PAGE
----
Ari­gato & Gra­cias; Ja­pan & Mex­ico

New Zealand Surfing - - Essentials -

Head­ing back to Ja­pan for only my se­cond time ever, I was still very ex­cited, partly to do with the fact that Tokyo City is a crazy, dif­fer­ent place that a small-town girl like me loves to get lost in for a day of shop­ping, eat­ing and a bit of a cul­ture shock. Also, the fact that this com­pe­ti­tion was go­ing to be at the ex­act same beach where they are hop­ing to have the surf­ing for the Tokyo 2020 Olympics. So, with my big goal in mind of rep­re­sent­ing New Zealand at the Olympics, I was keen to get a sneak peek at the place. Be­fore head­ing there, a few of the girls sent out a group mes­sage warn­ing us about the leak­ing Nu­clear power plant still un­able to get un­der con­trol after the ma­jor earth­quake and tsunami there years ago now. Of course, be­fore go­ing I was a bit wary of it but after talk­ing to lo­cal people about it, they said the wa­ter is checked three times a day and that it has be fine for ages. I was happy to be re­as­sured but not that happy about the wa­ter al­most be­ing colder than home in win­ter! We were in an area called Shiba on the Chiba penin­sula. About an hour and a half drive from Narita air­port. It’s a com­plete con­trast of Tokyo. A cool lit­tle coun­try like surf town with many surf shops along the main road that runs par­al­lel to the ocean. Rice fields and lots of tiny houses, some even where they sleep up­stairs and just open their lit­tle cafe or restau­rant down­stairs it seemed like when­ever they felt like it. Not many people spoke English very well, if at all; so, we had to hope the food menu had pho­tos to point at. The wave ‘Shiba point’ is a beach break be­tween two man made rock and con­crete piers or like a groyne. It was su­per small the whole time I was there so only saw it break­ing at a max of 2ft but did have some nice, clean and fun con­di­tions and could see the po­ten­tial although I’m sure to make the Olympics more ex­cit­ing a wave pool may be bet­ter in a coun­try like Ja­pan un­less we are lucky enough to get a typhoon. Un­for­tu­nately, I got knocked in the quar­ter fi­nals against a lo­cal Ja­panese girl who went on to the fi­nal. I had an­other amaz­ing time here be­cause of the great combo of weather, food, heated toi­let seats and how friendly, help­ful, nice and gra­cious the Ja­panese re­ally are. The nicest people I’ve ever come across on my trav­els, even their lit­tle ‘thank you and good­bye’ nods and bow­ing rubbed off on me, find­ing my­self do­ing the ex­act same thing when I was get­ting off the plane back home! Ari­gato Ja­pan!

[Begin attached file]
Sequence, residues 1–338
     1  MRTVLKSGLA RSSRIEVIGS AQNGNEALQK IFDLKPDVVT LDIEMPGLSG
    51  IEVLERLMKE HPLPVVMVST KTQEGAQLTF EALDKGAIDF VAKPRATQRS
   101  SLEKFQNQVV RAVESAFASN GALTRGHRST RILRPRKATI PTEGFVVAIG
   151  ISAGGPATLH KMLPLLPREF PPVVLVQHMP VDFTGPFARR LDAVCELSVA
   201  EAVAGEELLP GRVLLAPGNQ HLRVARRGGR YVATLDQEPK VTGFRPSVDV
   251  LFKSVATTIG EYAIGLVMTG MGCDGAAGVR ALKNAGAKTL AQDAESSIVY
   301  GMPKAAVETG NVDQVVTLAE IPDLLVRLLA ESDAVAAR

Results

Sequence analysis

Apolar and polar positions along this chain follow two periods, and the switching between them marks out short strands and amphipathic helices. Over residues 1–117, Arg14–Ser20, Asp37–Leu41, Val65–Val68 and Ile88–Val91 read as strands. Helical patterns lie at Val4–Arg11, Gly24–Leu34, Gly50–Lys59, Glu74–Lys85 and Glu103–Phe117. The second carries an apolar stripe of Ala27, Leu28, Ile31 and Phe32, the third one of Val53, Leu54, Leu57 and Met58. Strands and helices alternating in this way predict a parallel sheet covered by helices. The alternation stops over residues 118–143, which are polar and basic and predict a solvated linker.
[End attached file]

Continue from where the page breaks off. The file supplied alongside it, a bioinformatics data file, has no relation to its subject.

Mex­ico is an­other favourite des­ti­na­tion of mine on the World surf league (WSL) World qual­i­fy­ing se­ries (QS). Los Ca­bos to Amer­i­cans is a bit like what Bali is to Aussies and ki­wis so this area has be­come very Amer­i­can­ized but you can still ven­ture out into lo­cal mar­kets and restau­rants. It’s got the full tourist town in the ‘new town’ of San josé and all the tourist at­trac­tions from the likes of big game fish­ing, div­ing or cruis­ing out to Lovers beach in the sea of Cortez. A few of us girls al­ways get a place right on the beach within a hun­dred me­tres walk­ing dis­tance to the con­test site of Zip­pers beach. A small lit­tle fast break­ing right han­der across rocks close to the beach. A wave a quite like on my back­hand that has scored me a cou­ple of 5th places pre­vi­ously. Un­for­tu­nately, this time I missed out by less than a point with slow, bumpy and in­con­sis­tent waves los­ing to two pre­vi­ous event win­ners. Out of the comp, I now had time to ex­plore a lit­tle more. Find­ing an amaz­ing Oa­sis in the mid­dle of the desert an hour in­land in the mid­dle of nowhere. Per­fect tem­per­a­ture but by the time you got back to the car you were more than ready for an­other swim. We also man­aged to get out to the East cape a cou­ple of times to surf breaks like ship­wrecks and five palms. There’s not a lot out there other than a slew of breaks to choose from. Lots of Amer­i­cans driv­ing around in their 4wds or buggy’s and liv­ing the dream of surf­ing in par­adise ev­ery­day, eat­ing gua­camole with a corona or two. From cheap tacos down the road to some su­per healthy fine din­ing restau­rants, the lush­est golf cour­ses you’ll ever see and surf for ev­ery abil­ity, it’s no won­der Amer­i­cans keep com­ing back here. I will too! I think I need a year’s break from gua­camole though! Once again Mex­ico you pulled through with the good, Gra­cias! My next event is 28th - 30th July at Ocean­side beach, Cal­i­for­nia. Un­til then I’ll be surf­ing and train­ing as much as I can work­ing off this lit­tle bur­rito belly ;)

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